Originally published at: CAPTAIN MARVEL ORIGINS PANEL AT LBCE 2019 - People of Con
Long Beach Comic Expo 2019
Author: Ariel Landrum
One of the most magical moments at any convention is witnessing a well-known creator geek out. At the Disney-sponsored Captain Marvel: Origins panel on Saturday, February 16, 2019, at Long Beach Comic Expo, fans hoped to learn more about this new heroine taking over the Marvel Cinematic Universe. What unfolded were endearing moments of novelist Margaret Stohl fangirling over sharing the stage with legendary comic book author Gerry Conway.
As the moderator of the panel introduced the speakers, Stohl added with her introduction how shocked she was that she was going to get a chance to pick Conway’s brain regarding his inspiration, writing choices, and overall experience as co-creator of the female Captain Marvel. Taking the mic, becoming the new moderator, she faced Conway and began to fire away.
Conway reported that back in the ‘70s, he and the comic book community felt the business was dying, and he realized the dying was partly because they were not attracting a female audience, nor were they creating a cultural impact. Working late nights with John Buscema and Stan Lee, the three figured out that the best way to attract girls to comics would be to create a strong heroine.
Conway didn’t want to create a subservient character, or whose sole purpose was to be someone’s love interest. Looking through existing characters in the Marvel universe, he realized that Carol Danvers could become a credible female character, as she was already an Air Force officer. Adding to her backstory, he placed her as magazine editor after she retired from military service. This was a distinct choice because he wanted to maintain the image of being in power and charge versus being simply a reporter.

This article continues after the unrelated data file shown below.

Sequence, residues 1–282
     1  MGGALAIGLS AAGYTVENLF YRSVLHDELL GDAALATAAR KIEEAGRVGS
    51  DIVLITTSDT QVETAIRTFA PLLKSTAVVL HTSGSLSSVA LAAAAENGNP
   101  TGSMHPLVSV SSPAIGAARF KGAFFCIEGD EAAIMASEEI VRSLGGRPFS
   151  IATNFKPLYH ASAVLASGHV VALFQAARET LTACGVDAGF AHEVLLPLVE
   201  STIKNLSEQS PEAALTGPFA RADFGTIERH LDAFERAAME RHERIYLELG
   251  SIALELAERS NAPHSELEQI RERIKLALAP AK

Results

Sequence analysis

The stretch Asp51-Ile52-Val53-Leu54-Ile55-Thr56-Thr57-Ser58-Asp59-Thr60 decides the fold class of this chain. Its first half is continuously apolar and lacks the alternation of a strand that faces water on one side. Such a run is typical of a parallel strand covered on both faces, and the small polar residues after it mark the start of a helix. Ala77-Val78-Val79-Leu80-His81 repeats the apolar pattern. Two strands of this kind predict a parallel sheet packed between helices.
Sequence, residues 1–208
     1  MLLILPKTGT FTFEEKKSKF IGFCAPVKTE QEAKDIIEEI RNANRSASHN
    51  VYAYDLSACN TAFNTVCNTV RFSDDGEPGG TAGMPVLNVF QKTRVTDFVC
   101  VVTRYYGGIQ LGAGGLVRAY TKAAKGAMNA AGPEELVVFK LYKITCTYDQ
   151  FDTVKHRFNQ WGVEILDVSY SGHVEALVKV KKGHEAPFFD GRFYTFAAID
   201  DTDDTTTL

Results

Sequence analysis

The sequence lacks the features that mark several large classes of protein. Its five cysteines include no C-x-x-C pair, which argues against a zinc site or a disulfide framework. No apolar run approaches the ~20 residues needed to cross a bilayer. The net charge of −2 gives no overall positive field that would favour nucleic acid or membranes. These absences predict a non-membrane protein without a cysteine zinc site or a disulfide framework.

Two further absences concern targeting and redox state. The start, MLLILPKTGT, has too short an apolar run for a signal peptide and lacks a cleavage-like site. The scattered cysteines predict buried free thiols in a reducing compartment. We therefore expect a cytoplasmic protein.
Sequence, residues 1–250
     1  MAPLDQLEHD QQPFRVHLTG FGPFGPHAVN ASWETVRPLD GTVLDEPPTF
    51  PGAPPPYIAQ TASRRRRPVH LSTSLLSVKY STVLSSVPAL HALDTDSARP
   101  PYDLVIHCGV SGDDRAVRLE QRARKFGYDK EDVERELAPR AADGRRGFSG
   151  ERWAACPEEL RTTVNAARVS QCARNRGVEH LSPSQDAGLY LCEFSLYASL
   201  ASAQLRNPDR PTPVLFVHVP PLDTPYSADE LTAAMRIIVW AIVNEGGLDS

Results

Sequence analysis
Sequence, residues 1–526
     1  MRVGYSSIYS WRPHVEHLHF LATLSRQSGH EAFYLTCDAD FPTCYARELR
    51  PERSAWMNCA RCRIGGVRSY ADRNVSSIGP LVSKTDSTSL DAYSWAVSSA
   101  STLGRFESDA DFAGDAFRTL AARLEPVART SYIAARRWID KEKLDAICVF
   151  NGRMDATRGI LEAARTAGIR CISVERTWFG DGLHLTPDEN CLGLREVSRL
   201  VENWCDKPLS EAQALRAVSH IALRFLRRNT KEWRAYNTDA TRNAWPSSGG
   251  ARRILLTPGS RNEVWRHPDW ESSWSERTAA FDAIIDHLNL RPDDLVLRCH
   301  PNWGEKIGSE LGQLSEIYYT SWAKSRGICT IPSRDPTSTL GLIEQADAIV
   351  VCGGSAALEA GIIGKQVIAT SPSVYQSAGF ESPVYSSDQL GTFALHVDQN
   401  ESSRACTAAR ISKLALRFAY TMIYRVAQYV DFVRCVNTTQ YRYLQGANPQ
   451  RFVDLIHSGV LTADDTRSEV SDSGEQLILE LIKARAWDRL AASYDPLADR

Comparing her to other noteworthy heroines, such as Wonder Woman from rival company DC, Conway realized that she needed to become a mentor for other females. Her backstory already aligned her with the Spider-verse, so she became a Mary Jane Parker mentor. Conway closely focused their interactions on gearing away from any discussions around men and relationships, and at the panel joked that his writing would have passed the Bechdel test.
Impressed by his focus on female empowerment, Stohl asked what inspired his desire to write female characters, as at the time he had created Powergirl, and if writing them felt like “picking the losing straw.” With a chuckle, Conway stated that he enjoyed and enjoyed writing for the underdog, and female heroes are often seen in that light. He also added that he received inspiration from women in his life who are creative and take charge.
As Stohl pondered these responses, the designated moderator slowly took some control of the panel to ask Stohl about her experiences writing such an iconic character. He also noted that she may have had some experience regarding the writing of the upcoming film.
Jokingly Stohl stated that she could neither confirm nor deny that she knew anything regarding the film and that if she blinked the wrong way, the high powers of Disney would come raining down on her.
Stohl stated that her experience centered on writing novels geared towards young adults, often female-driven family dramas. When approved to take on Captain Marvel, she was asked by Joe Quesada to create an elevator pitch of the character’s origin. This was a tall order, as the character had undergone almost 50 years of growth, change, and trauma. Stohl was fearful she couldn’t do it.
It wasn’t until an all-night brainstorm at Marvel with other creators that she realized Marvel stories are family stories. Stohl reported that what makes Marvel special is the focus on the human side of the superhuman. With this realization, she focused on the traumas the Danvers experienced and the healing it took for her to shift back to the protagonist of her story.
Pointing back to Conway’s statement regarding social change, she stated that women often must make themselves known in the room. In the real and comic book worlds, females are often placed in spaces as side characters or left unseen. She concluded that the heroine’s journey differs from a hero’s journey in that male protagonists are assumed, and given, unquestionable permission to start their journey. A heroine must first accept that she is even allowed to have a journey at all.
Both Conway and Stohl ended the panel stating that the true origin of the character was that she made herself known in the room. Though given her powers, she took hold of being a hero.
Writer’s Note: there were no name cards on the table or names on the program, so I could not obtain the moderator’s name for this panel.